April 11
Ice has now melted on most of the lake. However, a 5-mile-long sheet of ice left a path of destruction as strong winds pushed it east and west into the shoreline, before moving north and breaking apart. Seasonal and permanent docks, boats and hoists were crushed.

April 20
A red fox den near our home once again has a family of six pups. I watched and photographed them for an hour as they pounced on each other, played tug-of-war by pulling tails and chased after anything that moved (insects and blowing leaves). 

April 25
Caught 42 perch today. One was 13 inches. Females are still hard with eggs and haven’t started spawning. 

May 6
71 degrees. Loons are in close to shore, feeding on spawning perch. Warblers are migrating through. 

May 14
Mother Nature has been on a rampage. It started with a harsh winter, followed by damaging ice. And now, heavy downpours wreaked havoc. It was a hot and humid 87 degrees, followed by a horrendous storm overnight. Between 5 and 9 inches of rain fell in a short period of time, washing out roads and bridges and damaging homes, docks, boat hoists and property from the Guyanoga Valley, Branchport, and into Penn Yan.

May 18
More rain. The lake is brown and full of debris from the flooding. The flooding has no doubt impacted ground nesting birds such as turkey in the forest and loons on the shore. I saw a family of geese earlier with 12 goslings, now reduced to four. 

May 23
Pouring rain again. Carp spawning near shore. 

May 24
Everything is lush. I can’t recall ever seeing so many shades of green on the landscape. 

May 27
Raccoon raided the nest box near the house and took six baby chickadees. The confused adults keep coming to the box with food attempting to feed their nestlings. 

June 1
Fawn in the yard running in circles, stumbling and repeating the exercise as the doe looked on. Chickadees rebuilding the nest destroyed by raccoons.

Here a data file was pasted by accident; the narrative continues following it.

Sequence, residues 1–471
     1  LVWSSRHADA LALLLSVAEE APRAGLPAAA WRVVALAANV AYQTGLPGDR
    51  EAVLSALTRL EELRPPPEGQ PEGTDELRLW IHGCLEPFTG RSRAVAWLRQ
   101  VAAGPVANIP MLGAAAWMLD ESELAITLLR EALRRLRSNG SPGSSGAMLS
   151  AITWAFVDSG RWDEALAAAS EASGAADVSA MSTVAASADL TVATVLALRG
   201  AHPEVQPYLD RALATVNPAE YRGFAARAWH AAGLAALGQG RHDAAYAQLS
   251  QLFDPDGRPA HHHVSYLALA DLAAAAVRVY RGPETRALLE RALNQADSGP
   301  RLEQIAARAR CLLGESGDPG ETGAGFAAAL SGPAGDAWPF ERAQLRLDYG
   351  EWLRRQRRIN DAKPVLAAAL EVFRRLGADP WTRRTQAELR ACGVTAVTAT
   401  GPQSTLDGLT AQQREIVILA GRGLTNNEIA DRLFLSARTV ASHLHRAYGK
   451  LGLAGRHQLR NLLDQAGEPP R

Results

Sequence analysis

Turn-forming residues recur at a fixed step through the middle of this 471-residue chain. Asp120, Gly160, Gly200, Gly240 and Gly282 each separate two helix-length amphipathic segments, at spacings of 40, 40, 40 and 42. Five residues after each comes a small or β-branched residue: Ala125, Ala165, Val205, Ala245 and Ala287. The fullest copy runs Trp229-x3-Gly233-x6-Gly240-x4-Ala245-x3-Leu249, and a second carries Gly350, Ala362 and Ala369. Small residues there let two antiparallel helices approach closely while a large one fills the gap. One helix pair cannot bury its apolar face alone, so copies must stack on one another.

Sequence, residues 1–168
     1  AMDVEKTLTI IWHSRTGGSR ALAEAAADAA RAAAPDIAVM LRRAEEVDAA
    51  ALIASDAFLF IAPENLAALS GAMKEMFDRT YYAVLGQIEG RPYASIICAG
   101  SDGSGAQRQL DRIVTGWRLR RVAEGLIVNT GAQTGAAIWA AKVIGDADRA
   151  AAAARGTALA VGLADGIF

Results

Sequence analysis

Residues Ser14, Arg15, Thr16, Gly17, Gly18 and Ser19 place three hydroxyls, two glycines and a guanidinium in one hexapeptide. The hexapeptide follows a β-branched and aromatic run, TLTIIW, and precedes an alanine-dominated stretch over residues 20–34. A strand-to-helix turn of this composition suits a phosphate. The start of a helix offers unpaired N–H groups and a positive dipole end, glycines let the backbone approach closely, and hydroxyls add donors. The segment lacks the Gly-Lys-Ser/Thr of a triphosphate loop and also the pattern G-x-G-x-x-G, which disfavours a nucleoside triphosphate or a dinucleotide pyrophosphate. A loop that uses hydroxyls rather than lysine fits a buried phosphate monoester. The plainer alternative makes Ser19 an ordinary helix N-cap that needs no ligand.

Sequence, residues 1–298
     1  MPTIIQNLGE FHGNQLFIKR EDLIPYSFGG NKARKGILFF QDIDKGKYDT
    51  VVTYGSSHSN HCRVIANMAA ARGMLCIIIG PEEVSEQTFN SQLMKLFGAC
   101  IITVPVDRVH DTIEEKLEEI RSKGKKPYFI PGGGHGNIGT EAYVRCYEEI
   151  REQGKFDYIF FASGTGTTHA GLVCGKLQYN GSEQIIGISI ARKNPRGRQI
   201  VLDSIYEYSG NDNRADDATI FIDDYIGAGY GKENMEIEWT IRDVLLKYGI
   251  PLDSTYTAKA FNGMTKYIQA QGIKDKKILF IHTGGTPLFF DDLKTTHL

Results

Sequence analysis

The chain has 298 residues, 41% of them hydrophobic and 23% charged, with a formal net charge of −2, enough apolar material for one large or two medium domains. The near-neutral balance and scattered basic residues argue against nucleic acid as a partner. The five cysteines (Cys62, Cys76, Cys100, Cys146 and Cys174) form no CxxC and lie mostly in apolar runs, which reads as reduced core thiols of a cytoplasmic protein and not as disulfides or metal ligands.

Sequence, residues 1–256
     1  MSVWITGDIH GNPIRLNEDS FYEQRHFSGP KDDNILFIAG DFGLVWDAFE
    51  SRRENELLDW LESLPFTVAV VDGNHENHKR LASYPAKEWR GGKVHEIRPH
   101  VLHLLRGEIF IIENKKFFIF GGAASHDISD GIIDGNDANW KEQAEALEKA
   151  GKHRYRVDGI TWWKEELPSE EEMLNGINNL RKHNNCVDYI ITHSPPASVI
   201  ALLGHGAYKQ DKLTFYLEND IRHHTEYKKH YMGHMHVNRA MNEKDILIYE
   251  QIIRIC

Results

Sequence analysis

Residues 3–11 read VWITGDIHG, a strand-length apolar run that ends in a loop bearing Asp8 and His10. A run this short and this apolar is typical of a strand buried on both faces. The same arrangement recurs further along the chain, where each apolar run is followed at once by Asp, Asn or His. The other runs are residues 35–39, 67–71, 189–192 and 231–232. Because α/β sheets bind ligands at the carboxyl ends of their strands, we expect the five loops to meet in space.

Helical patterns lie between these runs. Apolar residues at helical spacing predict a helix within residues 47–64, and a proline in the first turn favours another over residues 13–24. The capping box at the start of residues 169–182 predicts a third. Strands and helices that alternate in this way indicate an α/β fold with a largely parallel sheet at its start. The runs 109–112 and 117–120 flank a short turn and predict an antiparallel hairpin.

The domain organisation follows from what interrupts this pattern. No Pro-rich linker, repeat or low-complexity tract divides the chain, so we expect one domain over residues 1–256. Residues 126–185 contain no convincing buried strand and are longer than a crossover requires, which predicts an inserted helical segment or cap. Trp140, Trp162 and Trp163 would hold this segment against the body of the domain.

June 10
Osprey flew along the shore with perch in its talons. There are several nests nearby. Chickadees incubating six eggs in the nest box. 

June 14
One year ago, my neighbors spotted two bucks swimming in the lake. This morning, another buck was swimming in the lake in front of their house. 

June 18
Extreme weather continues. A microburst toppled large trees near Keuka College. To the south and west, hail the size of quarters accumulated 2 inches and shredded leaves on trees and grapevines. 

June 23
My neighbor, who is quite reputable, spotted a black bear cub crossing the road, 1 mile north of our house. 

June 27
Quite a few broods of common merganser on the lake. Although typical clutch size ranges from 6 to 16, sometimes broods join together. Saw one female with 33 chicks in tow.

July 1
90 degrees

July 12
I’ve been watching three wood duck broods substantially reduced by predators – large fish, eagles, osprey, owls, raccoons or fox. One brood started with 13 and is now down to five. 

July 12
Kind of like a rain forest around here. Humid, daily downpours and lush with mosquitoes. With so few bats around, I’m hoping the emerging dragonflies will reduce their numbers.

July 21
Softshell turtles are laying eggs in the sandy, gravelly shoreline. 

July 29
3 inches of rain yesterday. In the Honeoye Lake watershed, 5 inches of rain fell, causing the lake to rise 1.5 feet. Once again, more
damage. 

August 4
Another quick downpour, some localized flooding. Three bats in the evening sky, the most I’ve seen in quite some time. 

August 7
Caught a 10-inch rock bass. When I removed the hook, it regurgitated a 4-inch shrew. 

August 16
Trail cam captured a photo of a red fox pup out back this morning.